Queer Theory and Polygamy, Cupcakes and Candy, and Normal Soap

5 Feb

As I draw to the end of the prelims process (71 books and 24 days left!), I am beginning to see the light at the end of the tunnel and have begun to enter the real world again.  As a graduate student, this means that I am beginning to attend academic talks again and that I am trying to limit my consumption of cupcakes and candy which have become my food of choice lately.

This week, I went to see Laura Doan give a talk entitled “Normal Soap.”  In the talk, she talked about the definitions of queer theory and the binary that they tend to place between normalcy and queerness.  David Halperin, for example, famously defined queer in Saint Foucault as being “whatever is opposed to the normal, the legitimate, the dominant.”  Doan argued in the talk that this definition reifies the normal, a concept that was not in common currency until the 1930s or the 1950s.  She argues that historians should focus on the multiple discourses and structures of meaning that occurring at any one time.  Sometimes, she argues, it would be more damaging for someone to be accused of losing their virginity than for someone to be accused of being a sexual pervert.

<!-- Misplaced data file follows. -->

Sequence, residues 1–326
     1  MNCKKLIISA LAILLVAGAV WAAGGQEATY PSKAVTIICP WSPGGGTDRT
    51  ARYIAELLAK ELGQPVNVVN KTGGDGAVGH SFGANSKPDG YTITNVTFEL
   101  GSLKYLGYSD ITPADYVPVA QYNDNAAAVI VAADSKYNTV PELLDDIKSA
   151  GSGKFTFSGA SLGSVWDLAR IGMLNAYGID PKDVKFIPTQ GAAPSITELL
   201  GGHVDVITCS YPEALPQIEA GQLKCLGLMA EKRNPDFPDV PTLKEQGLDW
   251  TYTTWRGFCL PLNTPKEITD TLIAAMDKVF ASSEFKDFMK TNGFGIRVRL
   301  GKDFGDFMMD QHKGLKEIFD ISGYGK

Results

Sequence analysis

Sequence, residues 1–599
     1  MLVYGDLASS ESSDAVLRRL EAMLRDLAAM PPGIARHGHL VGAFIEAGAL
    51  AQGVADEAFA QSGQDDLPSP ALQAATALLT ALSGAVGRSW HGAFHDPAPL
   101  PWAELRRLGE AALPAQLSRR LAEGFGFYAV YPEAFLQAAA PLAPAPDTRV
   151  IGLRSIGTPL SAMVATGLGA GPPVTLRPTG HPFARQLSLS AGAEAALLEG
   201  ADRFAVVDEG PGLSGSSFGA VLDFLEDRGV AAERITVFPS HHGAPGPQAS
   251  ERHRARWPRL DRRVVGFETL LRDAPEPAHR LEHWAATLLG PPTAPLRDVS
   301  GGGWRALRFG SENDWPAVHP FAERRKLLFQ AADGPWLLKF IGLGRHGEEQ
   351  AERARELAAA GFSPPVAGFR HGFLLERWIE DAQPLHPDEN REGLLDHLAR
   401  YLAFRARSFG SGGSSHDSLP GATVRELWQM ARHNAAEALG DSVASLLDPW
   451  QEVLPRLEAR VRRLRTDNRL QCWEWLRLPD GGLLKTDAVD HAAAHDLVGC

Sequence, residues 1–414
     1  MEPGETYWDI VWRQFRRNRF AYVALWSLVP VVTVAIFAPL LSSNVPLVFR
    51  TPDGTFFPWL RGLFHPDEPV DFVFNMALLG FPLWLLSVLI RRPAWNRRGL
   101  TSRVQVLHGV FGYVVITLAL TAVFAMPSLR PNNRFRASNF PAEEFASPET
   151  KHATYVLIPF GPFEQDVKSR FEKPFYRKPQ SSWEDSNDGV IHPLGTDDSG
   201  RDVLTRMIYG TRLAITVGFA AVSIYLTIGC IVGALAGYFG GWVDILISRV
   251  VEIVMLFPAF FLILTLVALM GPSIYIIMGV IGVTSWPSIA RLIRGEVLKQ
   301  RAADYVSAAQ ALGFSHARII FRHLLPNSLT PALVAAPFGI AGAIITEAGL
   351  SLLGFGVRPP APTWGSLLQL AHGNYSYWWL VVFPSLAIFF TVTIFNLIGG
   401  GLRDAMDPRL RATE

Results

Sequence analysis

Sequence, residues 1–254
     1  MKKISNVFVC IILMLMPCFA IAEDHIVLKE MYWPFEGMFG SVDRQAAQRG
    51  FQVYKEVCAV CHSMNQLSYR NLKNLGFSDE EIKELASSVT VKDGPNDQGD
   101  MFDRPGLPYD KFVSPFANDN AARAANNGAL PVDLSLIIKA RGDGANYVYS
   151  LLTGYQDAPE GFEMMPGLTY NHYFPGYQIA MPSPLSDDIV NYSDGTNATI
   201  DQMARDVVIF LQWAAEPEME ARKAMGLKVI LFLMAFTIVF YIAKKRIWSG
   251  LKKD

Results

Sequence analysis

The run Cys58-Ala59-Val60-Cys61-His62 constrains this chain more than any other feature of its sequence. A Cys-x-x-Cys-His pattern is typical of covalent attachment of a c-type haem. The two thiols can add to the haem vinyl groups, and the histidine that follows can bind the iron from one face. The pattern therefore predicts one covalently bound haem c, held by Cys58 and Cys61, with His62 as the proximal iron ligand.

As I was listening to her speak, I was thinking of the ways in which polygamy underscores the fragility of the binary she was to bust.  Few people would classify polygamy as queer, and yet few would classify it as normal.  As such, it is difficult to place within the history of sexuality if we accept the binary that some queer historians have constructed.  Scholars of Mormonism have much to contribute to these discussions as a result.

Unfortunately, such conversations rarely happen.  Historians of American religion are the few non-Mormon historians who deal with Mormonism, and even their references tend to be few.  Mormonism is a side note in queer history, in the history of American radicalism, and in the history of sexuality.  Mormon historians tend to be allergic to queer theory, skeptical of its claims and reticent to apply it to their own work.